3 New Ways to Celebrate Your Wedding Anniversary in Japan

newsonjapan.com -- Apr 10
Japan is a country where nature, culture and history all merge seamlessly into a mosaic of intricate experiences.

This makes it an ideal location to celebrate your wedding. There are many ways to celebrate in the Land of the Rising Sun and here are just some of them.

Mount Fuji Spas

Every couple should celebrate their wedding anniversary with an experience gift that can act as a memory of your trip to Japan. If you are celebrating a milestone anniversary like your silver (25 years) or gold (50 years) consider anniversary celebration ideas that reflect these materials. Many rich gold mines around Mount Fuji were in production from the 15th to the 17th centuries. Near one of those mines, Yu-No-Oku Kinzan in Minobu-cho, Yamanashi Prefecture, there is a museum where you can experience panning for gold.

Less than 100 kilometres from Tokyo is Hakone, part of the Fuji-Hakone-Izu National Park, which is famous for its hot springs and stunning scenery including views across Lake Ashinoko of Mount Fuji. If you are looking for a break from your city vacation, Hakone is one of the most popular destinations.

Hakone is famous as a hot spring resort, so if clouds and poor visibility block the view of Mount Fuji, enjoy a time together as a couple with a private outdoor spa bath with baths made of stone and wood including sauna and baths made of large ceramic pots. If you are feeling energetic, Mount Fuji is officially open for climbing during July and August via several routes.


Kyoto is a city rich in history and culture. Japan’s ancient capital has so many attractions that you could easily spend a week here since there are 1,600 Buddhist temples, 400 Shinto shrines and 17 UNESCO World Heritage Sites, including Kiyomizudera, Ginkakuji, Yasaka Shrine, Heian Shrine and Nanzenji. You can also explore the narrow streets of the Higashiyama district and along the Philosopher's Path.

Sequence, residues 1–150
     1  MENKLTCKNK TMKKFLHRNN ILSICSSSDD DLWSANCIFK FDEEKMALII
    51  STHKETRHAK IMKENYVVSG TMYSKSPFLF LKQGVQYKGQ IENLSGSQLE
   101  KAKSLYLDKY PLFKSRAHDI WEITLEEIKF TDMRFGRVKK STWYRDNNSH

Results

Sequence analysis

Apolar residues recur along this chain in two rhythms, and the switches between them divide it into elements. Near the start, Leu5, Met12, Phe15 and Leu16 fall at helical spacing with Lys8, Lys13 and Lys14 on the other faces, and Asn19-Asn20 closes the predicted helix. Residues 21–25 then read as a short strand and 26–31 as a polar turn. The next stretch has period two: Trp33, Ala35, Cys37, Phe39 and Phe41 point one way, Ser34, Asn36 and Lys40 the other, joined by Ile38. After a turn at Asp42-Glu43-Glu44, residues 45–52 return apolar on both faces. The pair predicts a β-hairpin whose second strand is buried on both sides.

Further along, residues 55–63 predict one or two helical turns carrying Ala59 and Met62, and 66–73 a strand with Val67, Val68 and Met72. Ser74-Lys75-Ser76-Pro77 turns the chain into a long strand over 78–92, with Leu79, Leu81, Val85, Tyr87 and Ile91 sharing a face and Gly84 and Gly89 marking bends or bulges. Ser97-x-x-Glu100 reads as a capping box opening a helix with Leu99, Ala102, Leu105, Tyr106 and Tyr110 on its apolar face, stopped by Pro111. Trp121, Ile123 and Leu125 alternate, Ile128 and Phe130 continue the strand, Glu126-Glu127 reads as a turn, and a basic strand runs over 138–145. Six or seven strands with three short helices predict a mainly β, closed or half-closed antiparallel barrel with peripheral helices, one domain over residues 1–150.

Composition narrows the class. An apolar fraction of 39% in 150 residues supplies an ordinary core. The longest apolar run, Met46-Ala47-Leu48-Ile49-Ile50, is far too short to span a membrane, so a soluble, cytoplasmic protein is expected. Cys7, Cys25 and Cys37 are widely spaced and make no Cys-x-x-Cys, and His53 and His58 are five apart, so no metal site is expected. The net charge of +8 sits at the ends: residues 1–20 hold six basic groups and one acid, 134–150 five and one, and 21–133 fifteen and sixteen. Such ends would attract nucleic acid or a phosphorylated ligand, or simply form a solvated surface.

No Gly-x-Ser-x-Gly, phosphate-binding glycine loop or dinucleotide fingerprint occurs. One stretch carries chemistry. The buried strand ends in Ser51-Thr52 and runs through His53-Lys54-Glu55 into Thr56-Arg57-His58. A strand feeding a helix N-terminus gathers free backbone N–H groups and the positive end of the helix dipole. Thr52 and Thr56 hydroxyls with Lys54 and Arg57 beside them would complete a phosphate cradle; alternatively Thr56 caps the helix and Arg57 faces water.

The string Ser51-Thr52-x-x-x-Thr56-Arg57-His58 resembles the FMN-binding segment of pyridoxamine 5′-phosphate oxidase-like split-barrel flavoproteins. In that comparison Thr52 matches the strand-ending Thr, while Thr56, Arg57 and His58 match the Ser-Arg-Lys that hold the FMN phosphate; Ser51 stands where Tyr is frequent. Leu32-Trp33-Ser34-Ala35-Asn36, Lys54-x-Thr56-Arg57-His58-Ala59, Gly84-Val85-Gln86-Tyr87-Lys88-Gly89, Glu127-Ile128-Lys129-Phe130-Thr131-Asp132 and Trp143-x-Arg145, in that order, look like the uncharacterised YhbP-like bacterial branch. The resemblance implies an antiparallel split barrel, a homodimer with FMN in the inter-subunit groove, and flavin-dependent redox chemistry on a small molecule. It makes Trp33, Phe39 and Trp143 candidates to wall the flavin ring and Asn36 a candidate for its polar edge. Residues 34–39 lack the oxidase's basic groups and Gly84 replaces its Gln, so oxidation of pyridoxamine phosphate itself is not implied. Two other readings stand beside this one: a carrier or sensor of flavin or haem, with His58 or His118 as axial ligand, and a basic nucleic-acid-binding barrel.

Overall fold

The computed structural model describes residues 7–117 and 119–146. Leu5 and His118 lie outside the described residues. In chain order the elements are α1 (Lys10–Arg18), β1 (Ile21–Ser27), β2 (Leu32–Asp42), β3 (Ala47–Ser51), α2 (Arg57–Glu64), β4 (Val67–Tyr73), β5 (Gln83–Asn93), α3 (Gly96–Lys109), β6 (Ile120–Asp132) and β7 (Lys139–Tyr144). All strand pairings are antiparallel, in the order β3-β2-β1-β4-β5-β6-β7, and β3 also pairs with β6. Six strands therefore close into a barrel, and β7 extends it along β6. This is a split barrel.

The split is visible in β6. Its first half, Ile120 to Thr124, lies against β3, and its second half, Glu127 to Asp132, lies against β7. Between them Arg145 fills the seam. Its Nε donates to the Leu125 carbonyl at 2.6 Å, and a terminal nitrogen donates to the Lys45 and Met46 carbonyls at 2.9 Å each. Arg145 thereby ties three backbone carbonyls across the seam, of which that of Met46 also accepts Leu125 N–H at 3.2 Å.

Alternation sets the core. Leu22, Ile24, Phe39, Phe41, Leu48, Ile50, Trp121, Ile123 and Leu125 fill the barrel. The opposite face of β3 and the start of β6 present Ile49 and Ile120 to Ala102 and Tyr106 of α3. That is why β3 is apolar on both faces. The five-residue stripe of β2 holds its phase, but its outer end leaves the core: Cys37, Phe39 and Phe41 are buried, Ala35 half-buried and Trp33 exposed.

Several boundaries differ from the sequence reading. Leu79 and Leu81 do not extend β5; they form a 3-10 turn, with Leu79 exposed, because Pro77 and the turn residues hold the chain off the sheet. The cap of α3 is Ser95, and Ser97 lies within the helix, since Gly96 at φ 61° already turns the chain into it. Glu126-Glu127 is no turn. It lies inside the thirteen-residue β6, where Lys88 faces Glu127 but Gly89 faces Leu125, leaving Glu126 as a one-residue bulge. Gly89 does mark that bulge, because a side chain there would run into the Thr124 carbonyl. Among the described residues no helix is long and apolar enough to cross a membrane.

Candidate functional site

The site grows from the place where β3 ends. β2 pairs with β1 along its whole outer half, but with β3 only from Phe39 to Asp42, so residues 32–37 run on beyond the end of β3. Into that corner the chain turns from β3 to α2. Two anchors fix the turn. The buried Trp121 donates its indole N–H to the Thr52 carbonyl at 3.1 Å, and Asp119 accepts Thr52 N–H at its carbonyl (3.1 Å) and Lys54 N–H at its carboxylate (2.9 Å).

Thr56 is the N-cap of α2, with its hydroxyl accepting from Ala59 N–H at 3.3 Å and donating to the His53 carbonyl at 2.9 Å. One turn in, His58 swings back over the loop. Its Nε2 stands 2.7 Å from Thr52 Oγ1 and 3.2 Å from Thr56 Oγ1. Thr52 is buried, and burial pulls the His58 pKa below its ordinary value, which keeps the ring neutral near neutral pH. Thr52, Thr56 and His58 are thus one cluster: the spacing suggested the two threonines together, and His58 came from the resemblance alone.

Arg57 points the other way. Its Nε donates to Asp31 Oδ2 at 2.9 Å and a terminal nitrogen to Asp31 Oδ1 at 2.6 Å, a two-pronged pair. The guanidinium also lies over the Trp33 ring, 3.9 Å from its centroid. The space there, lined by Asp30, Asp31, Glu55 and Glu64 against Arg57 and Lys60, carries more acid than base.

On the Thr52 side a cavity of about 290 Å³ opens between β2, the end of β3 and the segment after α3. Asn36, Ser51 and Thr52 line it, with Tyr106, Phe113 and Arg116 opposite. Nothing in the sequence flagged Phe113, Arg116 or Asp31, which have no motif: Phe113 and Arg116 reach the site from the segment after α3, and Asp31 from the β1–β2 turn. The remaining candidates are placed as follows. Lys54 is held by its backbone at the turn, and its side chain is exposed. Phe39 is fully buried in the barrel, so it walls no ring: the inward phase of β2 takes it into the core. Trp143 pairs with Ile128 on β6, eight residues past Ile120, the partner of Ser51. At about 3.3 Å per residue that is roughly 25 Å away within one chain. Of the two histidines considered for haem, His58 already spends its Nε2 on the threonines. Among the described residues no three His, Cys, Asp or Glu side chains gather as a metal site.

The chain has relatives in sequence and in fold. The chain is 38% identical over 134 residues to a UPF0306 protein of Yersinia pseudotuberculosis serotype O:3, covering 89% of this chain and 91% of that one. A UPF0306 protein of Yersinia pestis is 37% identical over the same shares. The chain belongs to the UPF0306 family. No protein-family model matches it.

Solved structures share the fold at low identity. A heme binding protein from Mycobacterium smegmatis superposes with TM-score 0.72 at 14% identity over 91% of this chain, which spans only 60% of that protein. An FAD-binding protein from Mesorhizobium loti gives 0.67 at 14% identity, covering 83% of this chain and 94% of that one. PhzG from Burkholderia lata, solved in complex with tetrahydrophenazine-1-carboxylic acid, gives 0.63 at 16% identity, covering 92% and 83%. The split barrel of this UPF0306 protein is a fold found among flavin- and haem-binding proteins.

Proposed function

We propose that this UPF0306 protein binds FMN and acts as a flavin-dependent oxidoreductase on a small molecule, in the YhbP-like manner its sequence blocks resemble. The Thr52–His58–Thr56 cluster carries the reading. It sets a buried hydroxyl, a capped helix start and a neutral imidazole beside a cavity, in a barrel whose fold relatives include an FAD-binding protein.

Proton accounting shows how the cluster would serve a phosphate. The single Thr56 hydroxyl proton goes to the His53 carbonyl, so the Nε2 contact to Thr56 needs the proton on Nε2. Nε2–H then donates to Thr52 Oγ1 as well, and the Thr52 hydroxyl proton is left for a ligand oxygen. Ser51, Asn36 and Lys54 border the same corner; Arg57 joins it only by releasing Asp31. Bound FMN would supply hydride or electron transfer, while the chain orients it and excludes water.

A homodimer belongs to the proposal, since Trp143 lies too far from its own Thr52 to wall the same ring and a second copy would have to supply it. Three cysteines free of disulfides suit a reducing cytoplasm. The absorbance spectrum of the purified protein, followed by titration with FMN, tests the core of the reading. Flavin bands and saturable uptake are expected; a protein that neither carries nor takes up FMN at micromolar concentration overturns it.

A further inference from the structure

Kyoto is at its most atmospheric when the cherry blossoms bloom in the last week of March and the first two weeks of April. This is a very popular time to visit so you need to book early. Alternatively, a visit from October to mid-December will see the city in a riot of rich reds and orange foliage which is equally beautiful.

Celebrate in style in Tokyo

There are a number of districts in Tokyo that are worth a visit, so spend at least a couple of days here on your trip.


From a romantic meal at one of Tokyo's sky bars to a trip around the sites at Shinjuku, Tokyo offers you some unique experiences. Shinjuku Station is the busiest train station in the world and is surrounded by one of Tokyo's most popular shopping and entertainment districts. In this part of Tokyo, you can also visit the observation decks of the Tokyo Metropolitan Government Office whilst you consider your next shopping destination or which restaurant you will stop off along the way.

Asakusa and Odaiba

You could also spend some time in the historic Asakusa district, which includes the Sensoji Temple and its narrow shopping streets. You can then take the Tokyo Water Bus and Yurikamome elevated train to visit the museums and admire the futuristic architecture in Odaiba.

Imperial Palace

a 10-minute walk from Tokyo Station, the current Imperial Palace is the home of Japan’s Imperial Family and is situated in a large park area surrounded by moats and massive stone walls. Originally the site of Edo Castle, home of the Tokugawa shogun who ruled Japan from 1603 until 1867, this palace was built in 1868 before it was destroyed during World War Two and rebuilt in the same style.

Guided tours of the palace grounds are offered throughout the year, but not in the palace itself. Tours are about 75 minutes and are held in English and Japanese. You can book in advance or buy tickets on the day. The inner grounds of the palace only open to the public on 2 January (New Year's Greeting) and 23 February 23 (Emperor's Birthday) when visitors can see members of the Imperial Family, who make an appearance.